Schmeckfest: South Dakota's Mennonite "dinner theater"
|Photos by Nikki Miller|
To a food enthusiast traveling from the city, Schmeckfest is a Brave New (Old) World, to be sure.
|Kuchen for sale|
You can expect this year's menu to look similar to last's, which featured:
- Nudel Suppe (Noodle Soup)
- Grune Schauble Suppe (Green Bean Soup)
- Danpfleisch (Stewed Beef)
- Bratwurst (Pork Sausage)
- Gebratene Kartofflen (Fried Potatoes)
- Kase mit Knopfle (Cheese Buttons)
- Salat (Lettuce Salad)
- Geschmacke (Relishes)
- Sauerkraut (Um, Sauerkraut)
- Zwiebach (Twin Buns)
- Schwarzbrotchen (Whole Wheat Buns)
- Pluma Moos (Dried Fruit Sauce)
- Kuchen Mach Kuchen (Poppy Seed Rolls)
- Kaffee (Coffee)
Schmeckfest has grown significantly since 1959, a year when guests were encouraged to "take all you want, but eat all you take," and the festival has over time expanded from one day to four. When you compare its first year with its most well-attended (2008), you get a roomful of South Dakotans who ate: four gallons of grune schauble suppe vs. 48, 90 pounds of danpfleisch vs. 500, seven gallons of sauerkraut vs. 34, and 1.3 pounds of coffee vs. 48.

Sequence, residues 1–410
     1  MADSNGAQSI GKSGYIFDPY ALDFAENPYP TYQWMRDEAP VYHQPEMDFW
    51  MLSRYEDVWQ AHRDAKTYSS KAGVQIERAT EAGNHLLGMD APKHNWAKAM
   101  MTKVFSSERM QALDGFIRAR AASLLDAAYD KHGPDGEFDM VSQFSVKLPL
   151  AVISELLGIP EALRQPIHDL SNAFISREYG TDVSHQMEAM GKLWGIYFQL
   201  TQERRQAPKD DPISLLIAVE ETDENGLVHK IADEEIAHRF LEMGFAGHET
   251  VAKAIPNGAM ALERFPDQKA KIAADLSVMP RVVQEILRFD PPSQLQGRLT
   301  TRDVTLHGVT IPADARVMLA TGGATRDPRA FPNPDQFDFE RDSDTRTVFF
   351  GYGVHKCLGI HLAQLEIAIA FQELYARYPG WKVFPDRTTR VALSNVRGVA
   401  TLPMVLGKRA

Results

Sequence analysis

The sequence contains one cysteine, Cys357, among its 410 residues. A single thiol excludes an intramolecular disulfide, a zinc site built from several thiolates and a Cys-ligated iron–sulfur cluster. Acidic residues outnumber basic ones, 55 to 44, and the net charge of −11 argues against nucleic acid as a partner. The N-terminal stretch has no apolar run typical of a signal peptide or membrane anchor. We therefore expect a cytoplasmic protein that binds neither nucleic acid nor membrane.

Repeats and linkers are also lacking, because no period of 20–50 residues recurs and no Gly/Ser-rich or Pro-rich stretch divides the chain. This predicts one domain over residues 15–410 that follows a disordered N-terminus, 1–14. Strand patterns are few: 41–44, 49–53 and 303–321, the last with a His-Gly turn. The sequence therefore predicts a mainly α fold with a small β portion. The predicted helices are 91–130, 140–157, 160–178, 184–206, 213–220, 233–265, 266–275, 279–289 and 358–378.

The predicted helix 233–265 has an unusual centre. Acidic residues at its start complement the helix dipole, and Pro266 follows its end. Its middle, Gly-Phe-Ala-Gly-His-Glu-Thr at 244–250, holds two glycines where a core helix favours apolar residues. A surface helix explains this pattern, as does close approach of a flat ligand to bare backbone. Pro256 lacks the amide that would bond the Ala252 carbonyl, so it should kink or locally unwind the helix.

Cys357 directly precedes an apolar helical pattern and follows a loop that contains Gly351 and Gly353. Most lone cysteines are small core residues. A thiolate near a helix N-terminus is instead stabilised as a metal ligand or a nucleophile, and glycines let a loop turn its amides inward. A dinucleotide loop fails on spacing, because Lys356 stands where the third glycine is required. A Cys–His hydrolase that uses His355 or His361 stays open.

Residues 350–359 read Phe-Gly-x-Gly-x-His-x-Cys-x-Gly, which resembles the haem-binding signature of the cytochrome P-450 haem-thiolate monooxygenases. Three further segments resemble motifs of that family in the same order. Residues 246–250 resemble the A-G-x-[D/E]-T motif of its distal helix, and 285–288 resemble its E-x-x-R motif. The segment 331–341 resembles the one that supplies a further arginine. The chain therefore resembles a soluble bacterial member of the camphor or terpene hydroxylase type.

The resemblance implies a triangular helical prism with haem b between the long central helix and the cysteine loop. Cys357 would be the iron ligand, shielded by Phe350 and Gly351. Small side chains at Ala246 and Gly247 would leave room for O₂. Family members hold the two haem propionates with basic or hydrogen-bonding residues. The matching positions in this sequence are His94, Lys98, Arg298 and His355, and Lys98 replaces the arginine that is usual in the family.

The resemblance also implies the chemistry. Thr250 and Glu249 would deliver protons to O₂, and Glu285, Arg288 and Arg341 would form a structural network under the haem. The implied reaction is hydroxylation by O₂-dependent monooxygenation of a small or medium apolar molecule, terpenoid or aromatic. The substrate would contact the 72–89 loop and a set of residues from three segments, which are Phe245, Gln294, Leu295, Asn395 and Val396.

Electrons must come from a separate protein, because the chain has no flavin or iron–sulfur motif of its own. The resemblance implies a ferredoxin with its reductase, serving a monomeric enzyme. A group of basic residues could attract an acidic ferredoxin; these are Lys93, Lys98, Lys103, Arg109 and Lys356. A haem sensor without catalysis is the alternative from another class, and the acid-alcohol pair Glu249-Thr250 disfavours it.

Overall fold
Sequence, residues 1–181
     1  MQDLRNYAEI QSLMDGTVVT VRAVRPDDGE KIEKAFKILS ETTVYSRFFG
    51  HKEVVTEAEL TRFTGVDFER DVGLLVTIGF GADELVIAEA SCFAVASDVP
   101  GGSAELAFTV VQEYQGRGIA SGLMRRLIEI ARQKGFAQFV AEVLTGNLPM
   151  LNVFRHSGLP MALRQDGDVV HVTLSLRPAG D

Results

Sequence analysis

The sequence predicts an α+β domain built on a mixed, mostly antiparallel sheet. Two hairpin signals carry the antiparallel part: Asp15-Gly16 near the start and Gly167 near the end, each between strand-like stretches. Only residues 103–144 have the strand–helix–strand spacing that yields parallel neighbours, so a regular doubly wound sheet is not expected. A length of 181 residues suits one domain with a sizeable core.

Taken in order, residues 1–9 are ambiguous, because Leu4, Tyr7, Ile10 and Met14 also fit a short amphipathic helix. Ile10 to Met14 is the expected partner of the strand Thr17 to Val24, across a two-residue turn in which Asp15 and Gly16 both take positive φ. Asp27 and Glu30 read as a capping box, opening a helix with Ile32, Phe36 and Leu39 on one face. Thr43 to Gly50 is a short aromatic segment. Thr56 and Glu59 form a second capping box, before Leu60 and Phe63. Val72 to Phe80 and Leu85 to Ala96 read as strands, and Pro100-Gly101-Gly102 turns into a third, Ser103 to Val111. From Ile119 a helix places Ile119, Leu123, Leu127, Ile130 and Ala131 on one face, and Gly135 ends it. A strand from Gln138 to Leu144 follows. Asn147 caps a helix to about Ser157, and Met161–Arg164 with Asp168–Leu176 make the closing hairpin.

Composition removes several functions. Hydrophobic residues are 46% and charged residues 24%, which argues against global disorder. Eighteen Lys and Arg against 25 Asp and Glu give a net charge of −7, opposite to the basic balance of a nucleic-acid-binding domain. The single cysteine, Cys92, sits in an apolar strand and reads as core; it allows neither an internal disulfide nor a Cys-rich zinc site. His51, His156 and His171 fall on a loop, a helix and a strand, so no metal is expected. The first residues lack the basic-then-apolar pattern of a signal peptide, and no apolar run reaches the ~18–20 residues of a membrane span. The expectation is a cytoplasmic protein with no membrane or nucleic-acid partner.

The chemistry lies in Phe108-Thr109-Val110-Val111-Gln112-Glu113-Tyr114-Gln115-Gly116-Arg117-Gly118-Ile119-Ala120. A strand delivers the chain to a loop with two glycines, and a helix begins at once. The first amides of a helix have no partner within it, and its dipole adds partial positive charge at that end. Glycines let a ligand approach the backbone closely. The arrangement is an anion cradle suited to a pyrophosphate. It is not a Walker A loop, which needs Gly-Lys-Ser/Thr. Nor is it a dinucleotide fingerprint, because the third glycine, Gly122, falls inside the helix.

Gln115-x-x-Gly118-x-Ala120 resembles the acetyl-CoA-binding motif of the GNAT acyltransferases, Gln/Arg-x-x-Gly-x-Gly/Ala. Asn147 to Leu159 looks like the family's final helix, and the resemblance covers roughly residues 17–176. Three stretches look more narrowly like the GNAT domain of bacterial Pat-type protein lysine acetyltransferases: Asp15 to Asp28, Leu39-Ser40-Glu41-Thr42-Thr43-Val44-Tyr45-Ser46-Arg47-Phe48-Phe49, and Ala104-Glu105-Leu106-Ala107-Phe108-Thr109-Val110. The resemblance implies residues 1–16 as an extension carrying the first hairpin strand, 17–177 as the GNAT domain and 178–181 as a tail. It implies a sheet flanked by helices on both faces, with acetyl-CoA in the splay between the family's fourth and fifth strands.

The festival also features displays of culinary and handicraft arts--think kuchen and quilts-- historical presentations in its museum dedicated to the history of German pioneers and Native Americans, and a full-stage musical theater production performed by locals: Jesus Christ Superstar last year, and Kiss Me Kate this.
|Museum dedicated to Native American history on Schmeckfest grounds|
|Museum dedicated to German pioneer history on Schmeckfest grounds|
Meal tickets are sold in advance, and advance seats for the musical are also available, but they do go fast. Perhaps there's not much else to do in sleepy Freeman, South Dakota.
Freeman is just under five hours from the Twin Cities. Check it out--you just might make a neuer freund.
|Food prepared by community members available for purchase|